Tuesday, March 8, 2016 - 11:30am to 1:00pm
Mississippi Room, Coffman Union
Fecal Microbiota Transplantation (FMT) has emerged as an important yet controversial therapy for Clostridium difficile (C. difficile), a painful and sometimes life-threatening form of colitis. While there is a great deal of enthusiasm about the treatment, there remain many unanswered questions. Dr. Kahn described her pioneering work using FMT with pediatric patients and outlined critical ethical, social, and regulatory issues, including implications of the FDA’s decision to designate FMT as both a biologic and a drug.
Co-sponsored by the University of Minnesota’s BioTechnology Institute and the Microbiota Therapeutics Program
Dr. Byron Vaughn, MD
Microbiota Therapeutics Program
University of Minnesota
1.5 standard CLE credits are approved. Event ID: 215667.
American Medical Association/PRA
The University of Minnesota is accredited by the Accreditation Council for Continuing Medical Education (ACCME) to provide continuing medical education for physicians.
The University of Minnesota designates this live educational activity for a maximum of 1.5 AMA PRA Category 1 Credits™. Physicians should claim only the credit commensurate with the extent of their participation in the activity.
Other Health Care Professionals: Research coordinators, nurse practitioners, nurses, and other health care professionals who participate in this CE activity may submit their Statements of Participation to their appropriate accrediting organizations or state boards for consideration of credit. The participant is responsible for determining whether this activity meets the requirements for acceptable continuing education.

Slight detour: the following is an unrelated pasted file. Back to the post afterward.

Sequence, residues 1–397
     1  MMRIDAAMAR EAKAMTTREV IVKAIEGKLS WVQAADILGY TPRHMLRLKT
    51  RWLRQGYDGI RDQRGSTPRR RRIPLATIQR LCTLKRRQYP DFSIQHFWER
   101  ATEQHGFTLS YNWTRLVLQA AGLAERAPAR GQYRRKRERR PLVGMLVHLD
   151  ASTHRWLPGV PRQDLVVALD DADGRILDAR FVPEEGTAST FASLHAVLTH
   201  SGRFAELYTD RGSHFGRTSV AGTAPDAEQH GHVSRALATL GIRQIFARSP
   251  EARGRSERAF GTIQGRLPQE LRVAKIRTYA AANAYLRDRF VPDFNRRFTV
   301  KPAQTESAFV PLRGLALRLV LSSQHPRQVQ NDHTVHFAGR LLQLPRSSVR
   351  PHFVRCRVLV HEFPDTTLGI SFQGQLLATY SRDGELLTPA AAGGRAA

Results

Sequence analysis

Stacy A. Kahn, MD, is Assistant Professor of Pediatrics and Medicine, and Director of the Transitional Inflammatory Bowel Diseases (IBD) Clinic at the University of Chicago. Dr. Kahn specializes in the evaluation and treatment of digestive diseases in children, adolescents and young adults. Her clinical work and research focus is on IBD and fecal microbiota transplantation (FMT). She performed the first colonoscopic FMT in a pediatric patient with refractory Clostridium difficile and has built a national reputation as an expert in pediatric FMT. She is a founding member and Co-chair of the North American Society for Pediatric Gastroenterology, Hepatology and Nutrition (NASPGHAN) FMT Special Interest Group and a member of the American Gastroenterolgical Society FMT Registry Steering Committee. Dr. Kahn also serves on the ethics faculty at the University of Chicago MacLean Center for Clinical Medical Ethics and has a particular interest in the ethical, legal, social, and regulatory issues related to FMT.